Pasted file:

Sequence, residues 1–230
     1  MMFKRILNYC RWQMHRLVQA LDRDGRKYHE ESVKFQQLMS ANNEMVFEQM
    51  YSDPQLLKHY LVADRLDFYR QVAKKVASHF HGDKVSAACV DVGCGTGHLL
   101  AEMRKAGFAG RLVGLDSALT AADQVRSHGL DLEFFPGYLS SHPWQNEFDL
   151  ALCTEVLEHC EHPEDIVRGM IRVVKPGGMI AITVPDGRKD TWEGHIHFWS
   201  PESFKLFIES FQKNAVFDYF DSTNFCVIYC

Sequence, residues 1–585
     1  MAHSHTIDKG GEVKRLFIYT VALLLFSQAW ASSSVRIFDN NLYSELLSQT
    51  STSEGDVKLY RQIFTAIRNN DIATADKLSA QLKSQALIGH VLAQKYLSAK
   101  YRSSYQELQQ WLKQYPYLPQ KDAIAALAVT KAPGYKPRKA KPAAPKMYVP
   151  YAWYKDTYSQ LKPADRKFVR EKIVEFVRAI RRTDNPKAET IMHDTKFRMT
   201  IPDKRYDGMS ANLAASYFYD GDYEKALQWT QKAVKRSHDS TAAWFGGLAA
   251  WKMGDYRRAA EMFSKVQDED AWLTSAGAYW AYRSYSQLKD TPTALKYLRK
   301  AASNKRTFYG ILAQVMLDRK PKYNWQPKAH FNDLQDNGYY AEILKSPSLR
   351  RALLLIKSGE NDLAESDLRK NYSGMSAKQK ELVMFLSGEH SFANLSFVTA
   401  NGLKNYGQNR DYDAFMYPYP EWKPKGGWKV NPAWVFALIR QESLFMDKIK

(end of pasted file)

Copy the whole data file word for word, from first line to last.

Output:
Sequence, residues 1–230
     1  MMFKRILNYC RWQMHRLVQA LDRDGRKYHE ESVKFQQLMS ANNEMVFEQM
    51  YSDPQLLKHY LVADRLDFYR QVAKKVASHF HGDKVSAACV DVGCGTGHLL
   101  AEMRKAGFAG RLVGLDSALT AADQVRSHGL DLEFFPGYLS SHPWQNEFDL
   151  ALCTEVLEHC EHPEDIVRGM IRVVKPGGMI AITVPDGRKD TWEGHIHFWS
   201  PESFKLFIES FQKNAVFDYF DSTNFCVIYC

Sequence, residues 1–585
     1  MAHSHTIDKG GEVKRLFIYT VALLLFSQAW ASSSVRIFDN NLYSELLSQT
    51  STSEGDVKLY RQIFTAIRNN DIATADKLSA QLKSQALIGH VLAQKYLSAK
   101  YRSSYQELQQ WLKQYPYLPQ KDAIAALAVT KAPGYKPRKA KPAAPKMYVP
   151  YAWYKDTYSQ LKPADRKFVR EKIVEFVRAI RRTDNPKAET IMHDTKFRMT
   201  IPDKRYDGMS ANLAASYFYD GDYEKALQWT QKAVKRSHDS TAAWFGGLAA
   251  WKMGDYRRAA EMFSKVQDED AWLTSAGAYW AYRSYSQLKD TPTALKYLRK
   301  AASNKRTFYG ILAQVMLDRK PKYNWQPKAH FNDLQDNGYY AEILKSPSLR
   351  RALLLIKSGE NDLAESDLRK NYSGMSAKQK ELVMFLSGEH SFANLSFVTA
   401  NGLKNYGQNR DYDAFMYPYP EWKPKGGWKV NPAWVFALIR QESLFMDKIK